‘To err is human, to forgive is Divine’ is not at all acceptable in the security or service industry. The security industry is paid to protect, secure and deliver. There is no place for gaps or lapses at all.
While there is no specific data available on the date the first bank or cash van was looted, it would date back to the period when the first bank started operations. It would be equally applicable to other areas of crime and activities affected by it. It has been a long journey from stage coaches to cash vans, swords to automatic weapons and ‘out riders’ as escorts with stage coaches to the present days with radio communication for early warning, armoured vans with GPS tracking and vehicle immobilisers. Security and banking related services should be always under an error-proof secure environment. This is a compelling reasons to adopt technology, overcome human errors and enhance remote monitoring capabilities.
Technology has been meaningfully adopted to overcome gaps, reduce human errors and weaknesses to rule out possibility of judgemental error. However it comes at a cost or you pay a price for the lack of it .
The Security and Service industries handle various activities which have different parameters but could still be using the same applications for achieving their own specific purposes and targets. It was in early 2000 when technologies for vehicle tracking and related to vehicle management were being inducted and adopted in India by service providers. Agencies moving perishable items were concerned with tracking for on-time delivery, oil tanker fleets were monitoring stoppages en-route, while banking industry was concerned that cash vans were moving along designated routes with their predestined halts for offloading at the correct times. There was a paradigm shift with the end users with technocrats customising their products, using new technology to meet specific requirements of variety of customers.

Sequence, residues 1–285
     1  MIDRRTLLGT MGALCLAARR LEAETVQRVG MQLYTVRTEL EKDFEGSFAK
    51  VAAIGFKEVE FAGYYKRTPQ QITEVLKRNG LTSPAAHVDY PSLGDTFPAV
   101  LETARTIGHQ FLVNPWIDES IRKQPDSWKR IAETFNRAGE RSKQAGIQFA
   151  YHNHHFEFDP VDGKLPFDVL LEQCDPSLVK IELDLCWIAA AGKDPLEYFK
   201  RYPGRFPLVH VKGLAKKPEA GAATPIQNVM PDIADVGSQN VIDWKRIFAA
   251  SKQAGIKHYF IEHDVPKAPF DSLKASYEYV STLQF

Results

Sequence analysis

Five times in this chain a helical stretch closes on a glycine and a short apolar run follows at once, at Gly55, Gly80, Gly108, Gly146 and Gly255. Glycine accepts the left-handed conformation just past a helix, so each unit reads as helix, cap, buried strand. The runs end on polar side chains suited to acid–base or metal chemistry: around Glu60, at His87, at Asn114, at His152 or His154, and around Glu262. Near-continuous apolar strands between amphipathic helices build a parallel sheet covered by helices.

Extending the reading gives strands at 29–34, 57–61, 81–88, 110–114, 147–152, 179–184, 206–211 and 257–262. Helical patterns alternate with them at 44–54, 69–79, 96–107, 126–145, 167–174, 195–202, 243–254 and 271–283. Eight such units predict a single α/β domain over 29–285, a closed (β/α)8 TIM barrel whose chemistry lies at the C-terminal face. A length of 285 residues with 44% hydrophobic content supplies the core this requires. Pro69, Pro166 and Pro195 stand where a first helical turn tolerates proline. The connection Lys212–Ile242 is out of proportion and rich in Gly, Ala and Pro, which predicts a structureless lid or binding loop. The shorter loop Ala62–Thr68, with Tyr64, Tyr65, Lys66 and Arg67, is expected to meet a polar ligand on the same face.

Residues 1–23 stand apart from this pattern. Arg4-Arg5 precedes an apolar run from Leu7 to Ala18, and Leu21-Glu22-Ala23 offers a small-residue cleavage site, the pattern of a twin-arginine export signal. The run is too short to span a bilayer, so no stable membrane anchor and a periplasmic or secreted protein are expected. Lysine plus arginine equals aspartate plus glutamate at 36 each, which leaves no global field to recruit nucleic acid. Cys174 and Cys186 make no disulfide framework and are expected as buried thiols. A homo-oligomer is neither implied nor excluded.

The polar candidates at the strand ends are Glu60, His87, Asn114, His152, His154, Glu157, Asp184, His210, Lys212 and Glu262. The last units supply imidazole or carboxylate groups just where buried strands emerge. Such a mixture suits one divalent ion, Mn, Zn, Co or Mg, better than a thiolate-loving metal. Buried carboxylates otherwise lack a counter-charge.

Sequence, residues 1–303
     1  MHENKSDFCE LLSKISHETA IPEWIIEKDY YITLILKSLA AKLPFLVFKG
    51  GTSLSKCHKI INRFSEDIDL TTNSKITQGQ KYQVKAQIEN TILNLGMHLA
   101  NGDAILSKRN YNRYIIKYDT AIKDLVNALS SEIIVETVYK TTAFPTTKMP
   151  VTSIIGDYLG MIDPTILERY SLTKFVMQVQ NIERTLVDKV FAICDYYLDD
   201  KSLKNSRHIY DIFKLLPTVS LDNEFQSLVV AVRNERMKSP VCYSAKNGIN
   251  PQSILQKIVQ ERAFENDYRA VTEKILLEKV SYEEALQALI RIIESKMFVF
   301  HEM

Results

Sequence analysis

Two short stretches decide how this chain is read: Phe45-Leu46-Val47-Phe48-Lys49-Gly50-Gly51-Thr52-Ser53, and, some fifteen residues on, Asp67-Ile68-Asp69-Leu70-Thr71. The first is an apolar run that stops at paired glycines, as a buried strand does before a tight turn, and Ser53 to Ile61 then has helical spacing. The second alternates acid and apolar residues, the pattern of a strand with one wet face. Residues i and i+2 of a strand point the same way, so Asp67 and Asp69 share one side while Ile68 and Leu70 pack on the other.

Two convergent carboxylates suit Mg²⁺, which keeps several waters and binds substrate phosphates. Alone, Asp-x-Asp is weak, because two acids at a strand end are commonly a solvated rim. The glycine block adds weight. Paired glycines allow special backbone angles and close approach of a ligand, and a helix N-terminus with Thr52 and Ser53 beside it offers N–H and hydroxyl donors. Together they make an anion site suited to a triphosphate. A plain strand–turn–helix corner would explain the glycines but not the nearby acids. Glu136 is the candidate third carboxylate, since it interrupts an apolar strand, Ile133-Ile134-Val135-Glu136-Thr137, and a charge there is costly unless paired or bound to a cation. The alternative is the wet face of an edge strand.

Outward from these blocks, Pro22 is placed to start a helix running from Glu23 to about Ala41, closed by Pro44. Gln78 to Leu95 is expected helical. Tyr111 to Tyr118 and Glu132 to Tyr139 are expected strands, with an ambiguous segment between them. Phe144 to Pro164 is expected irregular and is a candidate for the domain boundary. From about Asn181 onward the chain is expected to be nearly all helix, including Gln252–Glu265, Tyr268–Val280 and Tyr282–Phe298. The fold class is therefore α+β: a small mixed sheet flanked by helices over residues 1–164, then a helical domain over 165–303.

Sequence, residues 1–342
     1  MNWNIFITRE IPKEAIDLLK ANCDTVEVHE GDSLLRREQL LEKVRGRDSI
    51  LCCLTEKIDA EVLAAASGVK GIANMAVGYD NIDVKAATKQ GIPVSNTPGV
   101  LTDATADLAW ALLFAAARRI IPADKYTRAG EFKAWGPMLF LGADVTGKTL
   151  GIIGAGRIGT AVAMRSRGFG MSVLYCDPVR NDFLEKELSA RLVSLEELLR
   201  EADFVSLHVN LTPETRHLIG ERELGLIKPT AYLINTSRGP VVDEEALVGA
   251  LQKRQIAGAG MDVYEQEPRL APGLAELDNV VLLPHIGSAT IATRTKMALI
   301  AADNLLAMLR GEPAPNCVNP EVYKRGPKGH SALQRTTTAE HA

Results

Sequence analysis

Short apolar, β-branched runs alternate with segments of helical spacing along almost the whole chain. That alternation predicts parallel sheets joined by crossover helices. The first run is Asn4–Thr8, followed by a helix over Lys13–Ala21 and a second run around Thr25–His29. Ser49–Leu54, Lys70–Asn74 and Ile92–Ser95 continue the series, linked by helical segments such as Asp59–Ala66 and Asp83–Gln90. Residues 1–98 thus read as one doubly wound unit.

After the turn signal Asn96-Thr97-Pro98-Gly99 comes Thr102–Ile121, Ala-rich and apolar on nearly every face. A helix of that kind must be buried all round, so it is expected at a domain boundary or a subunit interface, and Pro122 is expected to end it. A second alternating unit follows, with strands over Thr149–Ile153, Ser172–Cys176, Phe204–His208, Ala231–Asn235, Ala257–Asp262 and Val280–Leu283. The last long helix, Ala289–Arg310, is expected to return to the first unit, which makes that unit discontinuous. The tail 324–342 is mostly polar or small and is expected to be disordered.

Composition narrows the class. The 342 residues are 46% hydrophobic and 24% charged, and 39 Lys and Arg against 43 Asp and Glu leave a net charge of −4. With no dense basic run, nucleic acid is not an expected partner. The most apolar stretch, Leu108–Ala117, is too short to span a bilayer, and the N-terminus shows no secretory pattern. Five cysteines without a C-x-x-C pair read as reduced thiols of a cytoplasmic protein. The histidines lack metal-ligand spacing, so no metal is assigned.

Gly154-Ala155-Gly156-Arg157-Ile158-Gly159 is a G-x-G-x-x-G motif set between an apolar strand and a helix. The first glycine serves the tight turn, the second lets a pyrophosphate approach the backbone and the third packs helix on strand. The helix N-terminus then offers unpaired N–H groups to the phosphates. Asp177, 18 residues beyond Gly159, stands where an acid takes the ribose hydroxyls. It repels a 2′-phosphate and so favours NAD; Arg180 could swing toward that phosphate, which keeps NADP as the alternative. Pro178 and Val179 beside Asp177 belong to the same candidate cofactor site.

Technology was always available in varying stages as per time period and grew to meet with the customers’ requirements addressing their concerns. Due to rapid developments old technology goes obsolete as well as rendering redundant the base equipment and hardware. For example, the earlier tracking through GPRS could be very misleading at times if the distant tower was not in line of sight, thus reducing its credibility. Further, the lack of digital maps made the task even more complicated in matching coordinates on ground. An ad-hoc ‘track’ plotted by sitting with a lap top in a moving vehicle on main and major routes with prominent landmarks for reference were the only maps to depend upon. The GPS locations were approximations, mostly with a range of accuracy of +/- 100m. It was something, better than nothing. It served a purpose to an extent but was not a solution at all one could depend upon to mitigate risks of operations.
Then came the vehicle management add ons which were like attractive offers. Parameters such as fuel intake, kilometre record, braking record, oil levels, door sensors and remote immobilisers were more ornamental for many reasons. Absence of a reliable 2-way communication was a factor due to which facts could not be ascertained to help take decisions. This in turn caused reluctance to use the remote immobilisers. Kilometre record was duplication of the vehicle metre itself. Speed record though had proven worthwhile in many cases of accidents and recording the average time taken route wise was also meaningful for planning.
A major hurdle all through was the lack of connectivity using the SIM card. It remains an issue even now. Not much has changed till date in this regard. Especially when traversing on highways – inter-city or inter-state, one runs through dead zones or pockets. The mobile service providers install towers to cater for their customer base but the area covered is limited. In high value cash movements over long distance which need to be tracked constantly, this is a major issue and even geo fencing fails here.